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    1. Glad you enjoyed the post. If you are interested in the Shrewsbury/Mary Queen of Scots connection you will love looking around Wingfield Manor. The tours are on the first Saturday of the month and bookable through a number on the EH website.

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  11. What a fascinating place to visit. I get, shall we say a vision in my mind, every time I look at horse chestnuts, when they are in full leaf, my vision is of ladies in dress from tudor times. This has happened to me for years now and I don't know why. Strange things that happen to some of us. x

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    1. What a lovely vision! Isn't it funny how we get these 'feelings' for places mostly they are good but I have one bad feeling which I get if I see the underside of ships or large boats when they are in dry dock. It is a fascinating place to visit:)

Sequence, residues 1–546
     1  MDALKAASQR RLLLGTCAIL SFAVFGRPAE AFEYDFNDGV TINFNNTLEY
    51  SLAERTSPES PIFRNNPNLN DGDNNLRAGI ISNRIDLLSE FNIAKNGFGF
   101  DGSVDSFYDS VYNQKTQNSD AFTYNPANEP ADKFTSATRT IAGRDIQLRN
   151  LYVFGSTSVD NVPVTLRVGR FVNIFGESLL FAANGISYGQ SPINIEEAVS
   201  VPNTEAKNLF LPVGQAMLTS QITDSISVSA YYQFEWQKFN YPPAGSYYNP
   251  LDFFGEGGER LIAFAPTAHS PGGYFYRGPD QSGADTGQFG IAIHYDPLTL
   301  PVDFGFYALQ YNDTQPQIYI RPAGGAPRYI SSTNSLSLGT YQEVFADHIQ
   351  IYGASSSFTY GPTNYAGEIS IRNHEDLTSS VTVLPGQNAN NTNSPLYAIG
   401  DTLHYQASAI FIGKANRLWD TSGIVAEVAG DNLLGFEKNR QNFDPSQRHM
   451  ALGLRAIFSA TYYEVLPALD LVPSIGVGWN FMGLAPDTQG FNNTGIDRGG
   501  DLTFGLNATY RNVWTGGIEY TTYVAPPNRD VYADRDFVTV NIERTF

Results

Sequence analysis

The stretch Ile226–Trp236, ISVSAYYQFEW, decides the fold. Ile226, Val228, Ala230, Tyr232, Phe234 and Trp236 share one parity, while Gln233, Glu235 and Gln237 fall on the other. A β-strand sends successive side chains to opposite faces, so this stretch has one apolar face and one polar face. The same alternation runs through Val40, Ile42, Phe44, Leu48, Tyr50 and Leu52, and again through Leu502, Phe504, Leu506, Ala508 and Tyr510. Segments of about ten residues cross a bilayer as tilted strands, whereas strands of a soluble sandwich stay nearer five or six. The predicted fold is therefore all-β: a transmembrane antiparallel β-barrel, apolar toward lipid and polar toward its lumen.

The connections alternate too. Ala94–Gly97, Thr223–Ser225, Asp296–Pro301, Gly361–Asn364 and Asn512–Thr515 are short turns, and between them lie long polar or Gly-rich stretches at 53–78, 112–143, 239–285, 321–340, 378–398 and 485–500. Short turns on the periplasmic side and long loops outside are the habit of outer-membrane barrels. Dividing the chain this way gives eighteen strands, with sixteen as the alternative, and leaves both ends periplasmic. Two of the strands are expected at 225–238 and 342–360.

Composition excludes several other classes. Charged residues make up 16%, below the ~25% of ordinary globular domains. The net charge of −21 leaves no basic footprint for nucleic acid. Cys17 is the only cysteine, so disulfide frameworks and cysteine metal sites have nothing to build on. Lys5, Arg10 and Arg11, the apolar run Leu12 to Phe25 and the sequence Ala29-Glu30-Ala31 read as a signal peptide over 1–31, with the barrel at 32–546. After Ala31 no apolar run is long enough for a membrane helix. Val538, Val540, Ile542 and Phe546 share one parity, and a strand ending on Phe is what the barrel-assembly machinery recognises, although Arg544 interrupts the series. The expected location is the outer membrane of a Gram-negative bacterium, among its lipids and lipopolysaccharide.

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  12. What an impressive building.

    I often see things that other people can't. I just sort of go with the flow these days and accept it.

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    1. It is a wonderful building. I expect it is best to just accept it, I know some people have this awareness that others don't I'm mostly a don't but sometimes things catch me unawares:)

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  13. Those buttresses look very Jane Eyre after the fire, I kept expecting to see Mr Rochester lurking..

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    1. You are right! The 1996 film of Jane Eyre directed by Franco Zeffirelli used Wingfield Manor as one of their locations, I don't remember seeing that film the last adaptation I saw was for TV with t
      Toby Stevens as Mr Rochester:)